Sedimentologic context for OSL dating
There are a number of sedimentary facies that have the potential to be dated by luminescence. A luminescence age for clastic sediment is a measure of the time since the last sunlight exposure. The zeroing of luminescence in mineral grains, usually by sunlight, must be related to a significant geologic event, like burial of soil with sand-blow emplacement or colluviation post-faulting for the OSL age to be meaningful. Eolian sediments, like loess, sand sheet deposits, dune sands and cover loams are the most preferred sediments for OSL dating because of the long (hours) light exposure prior to deposition. Also, littoral and sublittoral sediments often receive long light exposure within the swash zone (Argyilan et al., 2005), though storm beach deposits may be variably solar reset.
Mineral grains in water-lain environments such as glacial-marine, certain lacustrine and fluvial can be incompletely solar reset reflecting attenuation of spectra as light penetrates a turbid water column. Low energy fluvial sediment, like shallow channel fills with millimeter-scale, horizontally-bedded, medium sands is the preferred facies for OSL dating (Schaetzl and Forman, 2008). Higher energy facies with erosion of previous deposited sediments and formation of new grains with clast percussion during saltation and creep at the base of the water column often yield a mixture of apparent grain ages. Colluvial and alluvial sediment, often associated with normal and reverse faulting, may be amenable for OSL dating, though care is needed to avoid sampling intraclasts in proximal colluvium, closest to the fault zone. Proximal colluvium is difficult to date by OSL and yields often highly dispersed equivalent dose values by aliquots and single grains, necessitating the use of finite mixture models (e.g. Cortes et al., 2012). Distal colluvium, deposited by grain transport with overland flow down slope of the fault offset can be well solar reset and is more suitable for OSL dating (Forman et al., 1989; Sohbati et al., 2012). Weathered horizons exhibiting pedogenic accumulations of clay, silt, carbonate, or silica should be avoided scrupulously for OSL dating. Post-depositional pedogenesis can affect detrimentally the luminescence time-signal by altering the radionuclide concentration, disrupting crystal structure and mixing in fully or partially solar-reset grains, and thus increasing overdispersion values (Ahr et al., 2012).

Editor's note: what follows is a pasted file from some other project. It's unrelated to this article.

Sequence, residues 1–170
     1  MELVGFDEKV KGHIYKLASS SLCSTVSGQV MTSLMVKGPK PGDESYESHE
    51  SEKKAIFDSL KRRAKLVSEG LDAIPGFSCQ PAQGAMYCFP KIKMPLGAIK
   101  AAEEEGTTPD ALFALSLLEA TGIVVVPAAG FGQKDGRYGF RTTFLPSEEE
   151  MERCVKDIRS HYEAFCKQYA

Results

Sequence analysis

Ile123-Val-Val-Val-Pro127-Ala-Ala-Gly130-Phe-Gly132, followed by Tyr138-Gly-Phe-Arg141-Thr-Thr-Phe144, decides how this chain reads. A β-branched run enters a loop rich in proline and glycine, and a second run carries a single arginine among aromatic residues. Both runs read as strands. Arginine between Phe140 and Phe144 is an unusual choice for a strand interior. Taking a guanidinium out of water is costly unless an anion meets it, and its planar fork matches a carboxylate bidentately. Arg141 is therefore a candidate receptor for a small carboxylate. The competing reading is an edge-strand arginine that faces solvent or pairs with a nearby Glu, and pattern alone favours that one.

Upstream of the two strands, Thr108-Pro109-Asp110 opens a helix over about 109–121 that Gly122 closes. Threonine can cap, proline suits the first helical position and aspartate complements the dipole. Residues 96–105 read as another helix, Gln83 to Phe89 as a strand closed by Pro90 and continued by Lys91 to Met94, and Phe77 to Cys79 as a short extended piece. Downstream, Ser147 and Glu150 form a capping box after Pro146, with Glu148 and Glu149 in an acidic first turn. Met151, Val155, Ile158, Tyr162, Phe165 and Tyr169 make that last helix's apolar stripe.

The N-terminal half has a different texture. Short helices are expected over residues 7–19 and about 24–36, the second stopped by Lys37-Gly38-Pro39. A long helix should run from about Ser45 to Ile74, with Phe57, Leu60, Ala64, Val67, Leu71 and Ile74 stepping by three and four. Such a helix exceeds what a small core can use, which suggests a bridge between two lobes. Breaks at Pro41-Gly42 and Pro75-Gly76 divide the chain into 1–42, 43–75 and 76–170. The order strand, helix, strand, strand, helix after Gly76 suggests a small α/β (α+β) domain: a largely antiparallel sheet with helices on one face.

Detailed study of luminescence characteristics of quartz grains in soils indicate that the upper (<5 cm) part of A horizons in well-developed soils (e.g. alfisols) are well solar reset and is another target for OSL dating, particularly in the buried context (Ahr et al., 2012).
Collection of sediment for OSL dating
Sampling sediment for luminescence dating is relatively straightforward, though care should be exercised that the appropriate sedimentary facies is sampled. It is critical that the sedimentologic, pedologic, stratigraphic and tectonic context is well known prior to sampling, so a judicious decision is made on sample selection that weighs the likelihood of solar resetting with original deposition, minimizes pedogenic alterations, and maximizes that the sediment-depositional (OSL) age closely constrains tectonic activity. Ideally, at the sampling site at least 20 cm of homogenous sediment should surround the collected sediment to maximize uniformity in the dose-rate environment during the burial period. Sampling within 20 cm of boulders or major lithologic contacts should be avoided to obviate potential inhomogeneities in radioactivity. If such inhomogeneities cannot be avoided field gamma spectrometry or collection of sediment from the disparate units is advised to document the in situ dose rate. Also, care should be exercised in collection samples within 1 to 1.5 m of the surface, with likely pedogenic alterations. Approximately 30g of sediment should be collected, though more or less sediment may be adequate depending on the concentration of the chosen particle size for dating. The geological luminescence signal of sediment is reduced rapidly with exposure to sunlight, thus care must be taken not to expose the sediment to any light during sampling. The OSL signal of quartz is significantly reduced with a few seconds of light exposure.
Prior to sampling, the section should be excavated back at least 20 cm to expose a fresh face. Immediately prior to sampling the face should be scraped free of light-exposed grains on the surface. It is best to take the sediment intact; though the outer mineral grains may have been light exposed, the internal grains have been shielded from sunlight. The most efficacious approach for sampling for OSL dating is to use light-tight sediment coring tubes, composed of aluminum, copper, steel or black, stiff plastic, like ABS. The tube should be 10 to 20 cm long, 2 to 4 cm diameter and with an end cap the tube can be hammered or pushed in to the desired sediment for dating. For clay-rich or indurated sediments blocks can be carved from the section and placed in metal tins or other metallic containers. A secondary bag-sample of sediment (~20 g), that can be light exposed should also be taken from a 20 cm radius from the tube/block collection point for elemental (dose rate) and particle size analyses.